Because EOA’s are dependent on contract accounts to execute code, they cannot offer many of the common account services linked with web2 accounts. For example, EOA’s don’t service an account recovery program. Consider a web2 based email app,  if a user forgets their password, account recovery is relatively simple. The user tells whoever runs the app that they forgot the password, the app asks the user to verify their identity, and once they do so they’re granted access to a password recovery page. However, this flow is dependent on the app owner having constant access to a backdoor to all user accounts. In web3, this isn’t allowed, as having a backdoor opens up security vulnerabilities and limits user autonomy. 

Offering a third-party app access to an EOA via its secret key would compromise its security, and therefore the common practice password recovery method cannot be applied. As a result, if a user loses access to their account, they are likely locked out for good. 

Similarly, because there is no third-party moderator for EOA’s, there is no fraud detection. If a user accidentally publishes their private key somewhere on the web, they are vulnerable to a malicious actor draining their account. 

The burden of complete account responsibility can deter many potential crypto users, preventing them from becoming early adopters in the coming web3 wave. Luckily, there is a solution:  this is where account abstraction steps in.

Account Abstraction: Unifying EOAs and Contract Accounts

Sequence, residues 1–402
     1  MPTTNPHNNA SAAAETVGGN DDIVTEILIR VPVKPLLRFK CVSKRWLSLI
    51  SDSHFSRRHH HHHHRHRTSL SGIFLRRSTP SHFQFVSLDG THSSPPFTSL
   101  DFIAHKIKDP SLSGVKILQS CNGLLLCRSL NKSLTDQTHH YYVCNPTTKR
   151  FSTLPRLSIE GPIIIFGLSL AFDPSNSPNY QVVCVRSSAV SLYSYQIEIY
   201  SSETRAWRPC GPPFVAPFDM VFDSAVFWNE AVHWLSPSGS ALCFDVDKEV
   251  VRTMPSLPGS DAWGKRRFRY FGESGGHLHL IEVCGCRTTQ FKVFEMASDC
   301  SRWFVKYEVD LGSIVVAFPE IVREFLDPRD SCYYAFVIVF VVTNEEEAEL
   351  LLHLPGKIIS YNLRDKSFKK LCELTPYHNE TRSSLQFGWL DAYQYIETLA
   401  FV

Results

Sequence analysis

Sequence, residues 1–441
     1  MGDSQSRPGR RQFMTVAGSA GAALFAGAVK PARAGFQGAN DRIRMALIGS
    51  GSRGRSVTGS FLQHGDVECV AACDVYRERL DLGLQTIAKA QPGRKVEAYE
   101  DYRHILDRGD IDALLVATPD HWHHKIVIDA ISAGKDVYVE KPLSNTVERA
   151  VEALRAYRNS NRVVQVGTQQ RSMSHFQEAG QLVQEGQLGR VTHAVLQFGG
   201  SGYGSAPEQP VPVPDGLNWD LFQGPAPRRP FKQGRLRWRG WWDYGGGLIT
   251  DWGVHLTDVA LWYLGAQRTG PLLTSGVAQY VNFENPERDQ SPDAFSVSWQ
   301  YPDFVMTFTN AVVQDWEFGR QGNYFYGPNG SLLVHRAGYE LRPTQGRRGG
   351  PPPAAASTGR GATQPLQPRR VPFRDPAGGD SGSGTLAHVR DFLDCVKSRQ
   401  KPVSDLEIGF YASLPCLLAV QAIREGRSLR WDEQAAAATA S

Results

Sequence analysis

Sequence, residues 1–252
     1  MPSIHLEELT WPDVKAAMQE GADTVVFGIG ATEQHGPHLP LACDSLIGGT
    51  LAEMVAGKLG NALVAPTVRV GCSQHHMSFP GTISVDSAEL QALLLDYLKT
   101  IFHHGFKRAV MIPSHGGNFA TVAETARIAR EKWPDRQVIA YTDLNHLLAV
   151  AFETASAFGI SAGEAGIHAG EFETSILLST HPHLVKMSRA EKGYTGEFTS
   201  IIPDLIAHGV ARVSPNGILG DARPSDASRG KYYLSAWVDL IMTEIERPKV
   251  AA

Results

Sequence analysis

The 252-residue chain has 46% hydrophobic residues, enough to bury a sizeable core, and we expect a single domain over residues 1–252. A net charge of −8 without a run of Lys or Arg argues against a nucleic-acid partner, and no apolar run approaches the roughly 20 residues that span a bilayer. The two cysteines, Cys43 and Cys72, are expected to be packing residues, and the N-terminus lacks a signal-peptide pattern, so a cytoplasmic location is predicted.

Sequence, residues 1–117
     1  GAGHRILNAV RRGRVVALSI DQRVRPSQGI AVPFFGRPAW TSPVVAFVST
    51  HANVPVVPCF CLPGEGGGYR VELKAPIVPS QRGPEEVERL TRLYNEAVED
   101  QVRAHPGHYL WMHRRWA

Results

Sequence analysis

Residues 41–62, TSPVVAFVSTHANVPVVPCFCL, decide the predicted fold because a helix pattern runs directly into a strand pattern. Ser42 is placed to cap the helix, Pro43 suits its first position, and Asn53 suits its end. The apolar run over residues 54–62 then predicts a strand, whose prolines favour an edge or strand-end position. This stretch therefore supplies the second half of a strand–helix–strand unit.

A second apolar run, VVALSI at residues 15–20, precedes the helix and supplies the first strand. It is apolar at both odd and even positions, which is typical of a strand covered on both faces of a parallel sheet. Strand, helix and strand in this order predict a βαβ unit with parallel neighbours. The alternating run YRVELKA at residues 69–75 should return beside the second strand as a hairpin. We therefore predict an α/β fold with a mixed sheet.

The distinction between EOAs and Contract Accounts has been foundational to Ethereum’s design, but account abstraction proposes a strategic shift in the way that EOAs and contract accounts communicate. Account Abstraction (AA)  allows contract accounts to verify and execute transactions on behalf of users, eliminating the need for users to personally oversee the process. By using account abstraction, we can now make EOA’s ‘programmable’. That is, we can securely attach code to EOA’s then can be coded to execute certain events without needing the user’s private key to sign off on the transaction. 

Let’s explore an example of how account abstraction can aid in password recovery.

Account Recovery Using the Kresus Guardian System

Smart contracts introduce a new possibility: naming a guardian account for password recovery. Here’s how it works:

When a new user creates an account, they can designate a guardian who can assist in password recovery. Upon doing so, an Abstract Account (AA) is created. This AA contains code that, when triggered by the guardian’s private key and the user’s email permission, restores access to the user’s account. This process allows secure account recovery without third-party involvement


Account abstraction is an exciting development in the blockchain space, offering new ways to address some of the challenges inherent in the current Ethereum model. By blurring the lines between EOAs and Contract Accounts, it presents solutions that can significantly enhance user experience and security, as demonstrated by the Kresus Guardian System for account recovery. As we continue to embrace and utilize these advancements at Kreusus, we aim to provide a seamless and secure platform for our users, navigating the intricate web3 landscape with confidence. Stay tuned for more insights and updates as we delve deeper into the fascinating world of blockchain technology.